As part of my practicum for my Master of Public Health degree for American Military University, I participated in the #Bhepbfree campaign launched May 1, 2016, during Hepatitis B Awareness Month. The campaign resulted in 1.1 million Washington state residents being reached through social media and has become a prominent topic well beyond as many other states and organizations have similarly raised awareness about a disease that is rarely discussed. The agency that used this application is known as Thunderclap, a crowdsourcing tool that helps to amplify the message on a specified day and time across different social media platforms.
I was asked recently by a fellow military spouse whether earning a graduate degree was worth the time and effort involved. The question is very broad, and the answer truly depends on you and your career path.
For some professions, a higher degree is often mandatory. In others, factors such as self-improvement, the desire for in-depth knowledge and skills, or a change in career goals are some reasons why people decide to go for a graduate degree. The most popular motivation is to open up opportunities for career advancement and earn more money.
I am an American Public University graduate with a BA in psychology, but my story starts a lot further back. I am an adult learner, which means life delayed my college goals for a long time, but thankfully, age is no excuse not to try! I dreamed of college, yet when I was in high school I let my doubt that I wasn’t smart enough derail my plans for college and law school. Two weeks after I turned 19, while my high school friends were enjoying their first college spring break, I had a daughter. I was soon a single mom trying to make ends meet in my minimum wage job and thinking, “why didn’t I go to college?” At that point, college was impossible.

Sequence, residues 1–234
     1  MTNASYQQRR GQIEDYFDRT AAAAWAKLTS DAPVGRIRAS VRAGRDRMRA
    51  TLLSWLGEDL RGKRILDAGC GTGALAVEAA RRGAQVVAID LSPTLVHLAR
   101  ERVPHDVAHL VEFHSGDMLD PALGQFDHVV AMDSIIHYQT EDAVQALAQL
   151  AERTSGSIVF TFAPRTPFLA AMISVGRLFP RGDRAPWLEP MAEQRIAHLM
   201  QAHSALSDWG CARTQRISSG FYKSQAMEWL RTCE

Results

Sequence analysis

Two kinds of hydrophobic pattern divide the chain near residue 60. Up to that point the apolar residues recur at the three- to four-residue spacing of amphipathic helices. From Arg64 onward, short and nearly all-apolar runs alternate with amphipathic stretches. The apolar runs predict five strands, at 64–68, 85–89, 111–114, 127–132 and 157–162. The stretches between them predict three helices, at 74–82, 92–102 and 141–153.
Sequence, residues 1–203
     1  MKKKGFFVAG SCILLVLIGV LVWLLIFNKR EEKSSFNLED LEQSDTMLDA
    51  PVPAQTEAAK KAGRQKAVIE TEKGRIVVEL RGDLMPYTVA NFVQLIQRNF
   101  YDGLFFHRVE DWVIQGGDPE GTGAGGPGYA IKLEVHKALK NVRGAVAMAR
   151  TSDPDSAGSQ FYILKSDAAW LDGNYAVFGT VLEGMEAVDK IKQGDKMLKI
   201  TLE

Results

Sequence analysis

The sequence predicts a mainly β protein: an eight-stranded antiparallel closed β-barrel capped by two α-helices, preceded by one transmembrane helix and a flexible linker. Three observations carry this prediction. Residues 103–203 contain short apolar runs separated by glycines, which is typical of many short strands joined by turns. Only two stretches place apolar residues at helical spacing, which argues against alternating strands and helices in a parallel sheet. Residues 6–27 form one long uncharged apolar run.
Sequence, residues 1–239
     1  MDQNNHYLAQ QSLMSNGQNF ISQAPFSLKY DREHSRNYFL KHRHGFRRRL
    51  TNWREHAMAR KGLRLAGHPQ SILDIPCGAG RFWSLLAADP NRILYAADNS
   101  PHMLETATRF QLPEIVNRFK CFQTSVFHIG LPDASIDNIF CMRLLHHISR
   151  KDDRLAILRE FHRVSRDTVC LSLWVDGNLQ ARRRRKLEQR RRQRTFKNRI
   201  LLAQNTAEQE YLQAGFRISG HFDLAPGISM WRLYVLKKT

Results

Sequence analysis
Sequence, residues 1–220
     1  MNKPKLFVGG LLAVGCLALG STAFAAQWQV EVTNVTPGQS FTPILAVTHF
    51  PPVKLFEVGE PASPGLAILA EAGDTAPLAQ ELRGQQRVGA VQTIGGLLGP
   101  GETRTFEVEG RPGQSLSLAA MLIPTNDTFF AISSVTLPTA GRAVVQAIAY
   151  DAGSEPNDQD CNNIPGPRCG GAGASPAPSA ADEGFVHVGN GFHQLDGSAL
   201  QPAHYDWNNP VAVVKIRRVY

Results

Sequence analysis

We have all likely encountered Transportation Security Administration (TSA) professionals and it’s clear that they have an extremely difficult job protecting our nation’s transportation infrastructure and each one of us when we travel. Earlier this week, we proudly announced a significant expansion of our existing TSA partnership. American Public University (APU) was selected by the TSA’s Institute of Higher Education as one of just two partners in education from a total field of 19 institutions nationwide to serve up to 20,000 TSA employees at 147 airports across 14 states and five U.S. territories.
Editor’s Note: From time to time in this space, we want to share stories from our alumni as they relate their experiences with APUS and how they have impacted their careers and personal lives. This week, we feature the story of Matt Peeling, AMU Business graduate, University Ambassador and member, APUS Alumni Advisory Council. We encourage you to contact us at firstname.lastname@example.org to share your own APUS journey with us as well.
I was very active throughout my youth, volunteering as a fire fighter and moonlighting as a gas station manager at 16. In high school, I excelled in football and aspired to play in college. College was not affordable for me or my siblings, so I decided to pursue a military career to fund my education, carry on family tradition and keep playing football.